Cymochles is looking for Guyon to take revenge for the presumed death of his brother. He and Atin come upon a wide river, and see;
"A litle Gondelay, bedecked trim
With boughs and arbours woven cunningly,
That like a little forest seemed outwardly.
And therein sat a Ladie fresh and fair,
Making sweet solace to her self alone;
Sometimes she sung, as loud a lark in air,
Sometimes she laughed, that nigh her breath was gone,
Yet was there not with her else any one,
That might to her move cause of merriment:
Matter of mirth enough, though there were none
She could devise, and thousand ways invent,
To feed her foolish humour, and vain jolliment."
Another beautifully-drawn, and very strange Spencerian character. This jolly Uber driver rides around in a magic boat;
"More swift, then swallow shears the liquid sky,"
which is a fucking great line. The boat steers itself and the Lady will take only knights, one at a time, and no-one else. Cymochles gets in (she won't let Atin get on) and she rambles to him;
"Her light behaviour, and loose dalliance,
Gave wonderous great contentment to the knight,
That of his way, he had no souvenaunce,
But to weak wench did yield his martial might.
So easy was to quench his flamed mind
With one sweet drop of sensual delight,
So easy is,t'appease the story wind
Of malice in the calm of pleasant womankind."
This is Phoedra, a servant of Acrasia and she leads Cymochles across this inland sea called the Idle Lake to an island, where there is a bower, with all the birds and streams and whatever, but no Damizels this time, and there she lulls him to sleep.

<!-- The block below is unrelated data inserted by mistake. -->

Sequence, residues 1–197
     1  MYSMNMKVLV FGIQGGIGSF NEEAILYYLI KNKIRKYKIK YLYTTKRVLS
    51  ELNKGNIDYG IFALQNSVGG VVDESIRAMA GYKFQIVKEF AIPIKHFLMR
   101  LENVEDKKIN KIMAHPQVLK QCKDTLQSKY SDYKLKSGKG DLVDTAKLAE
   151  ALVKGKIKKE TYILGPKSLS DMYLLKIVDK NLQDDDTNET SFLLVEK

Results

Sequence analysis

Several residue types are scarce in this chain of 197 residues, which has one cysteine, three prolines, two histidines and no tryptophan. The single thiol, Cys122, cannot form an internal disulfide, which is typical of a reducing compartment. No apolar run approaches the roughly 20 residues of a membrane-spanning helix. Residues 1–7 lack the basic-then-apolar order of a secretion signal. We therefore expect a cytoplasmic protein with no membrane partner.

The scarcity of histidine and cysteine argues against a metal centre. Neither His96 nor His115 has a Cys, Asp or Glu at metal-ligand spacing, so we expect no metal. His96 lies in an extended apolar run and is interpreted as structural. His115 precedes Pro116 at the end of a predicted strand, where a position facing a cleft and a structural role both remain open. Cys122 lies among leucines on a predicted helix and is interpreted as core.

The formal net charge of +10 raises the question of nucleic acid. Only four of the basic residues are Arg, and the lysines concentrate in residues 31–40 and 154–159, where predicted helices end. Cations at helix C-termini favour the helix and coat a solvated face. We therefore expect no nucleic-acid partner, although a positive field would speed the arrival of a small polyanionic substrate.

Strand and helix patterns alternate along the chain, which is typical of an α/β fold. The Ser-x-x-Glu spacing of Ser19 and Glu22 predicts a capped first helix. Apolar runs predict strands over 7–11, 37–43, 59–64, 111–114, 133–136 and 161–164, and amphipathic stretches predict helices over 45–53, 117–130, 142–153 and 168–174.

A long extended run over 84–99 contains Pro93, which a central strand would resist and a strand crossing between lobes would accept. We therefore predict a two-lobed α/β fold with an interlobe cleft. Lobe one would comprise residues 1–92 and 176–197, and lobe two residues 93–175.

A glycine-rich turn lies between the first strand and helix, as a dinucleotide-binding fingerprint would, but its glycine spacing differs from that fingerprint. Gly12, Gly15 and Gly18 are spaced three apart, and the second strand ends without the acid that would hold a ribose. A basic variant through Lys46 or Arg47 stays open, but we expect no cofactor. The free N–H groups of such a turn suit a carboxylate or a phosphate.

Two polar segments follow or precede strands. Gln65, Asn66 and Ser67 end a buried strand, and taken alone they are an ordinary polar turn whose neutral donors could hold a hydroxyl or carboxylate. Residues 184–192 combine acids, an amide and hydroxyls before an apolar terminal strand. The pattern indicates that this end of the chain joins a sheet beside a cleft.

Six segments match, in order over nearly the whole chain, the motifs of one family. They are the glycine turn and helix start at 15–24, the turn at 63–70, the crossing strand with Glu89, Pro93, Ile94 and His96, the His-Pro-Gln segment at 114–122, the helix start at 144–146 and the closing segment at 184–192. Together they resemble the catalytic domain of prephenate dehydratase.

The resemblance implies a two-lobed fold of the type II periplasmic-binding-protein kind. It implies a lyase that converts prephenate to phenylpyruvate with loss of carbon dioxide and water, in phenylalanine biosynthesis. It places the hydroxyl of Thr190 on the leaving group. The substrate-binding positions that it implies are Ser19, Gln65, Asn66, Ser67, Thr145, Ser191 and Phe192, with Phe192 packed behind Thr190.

Ok at this stage I have no idea if this is good or bad, lesson or farce.
Then Phoedra gets back in her boat, which takes her to Guyon, who is also trying to cross the same river/lake, from the other side.
Guyon is a bit more "wise and wary of her will", and does not get sung to sleep.
At the same time Cymochles wakes up in shock and shame for forgetting about his (presumed dead) brother, storms off and runs right into Guyon and Phoedra;
"And therewithall he fiercely at him flew,
And with importune outrage him assailed;
Who soon prepared to field, his sword forth drew,
And him with equal alue countervailed:
Their mighty strokes their haberieons dismaiyled,
And naked made each others manly spalles;
The mortal steel despiteously entailed
Deep in their flesh, quite through the yron walls,
That a large purple stream adown their garments falles."
Not only that but Cymochles takes another chunk out of Guyons shield;
"..thereof nigh one quater sheared away;"
Ok, a quarter of whatever it originally was before Pyrochles took his chunk out of it, or a quarter of what was left? How much shield does this guy even have? How is he surviving the massive blood loss? Who's repairing his armour and mail because fuck all of that should be left? Is the Palmer also a blacksmith? Is that where he got the 'yron chains' to bind Furor? What time is it? What the fuck is going on?
Phoedra pulls a classic 'throwing herself between two knights move and appeals for them to do battle in a more sexy way? I mean;
"Such cruell game my scarmoges disarmes:
Another warre, and other weapons I
Doe love, where love does give his sweet alarmes,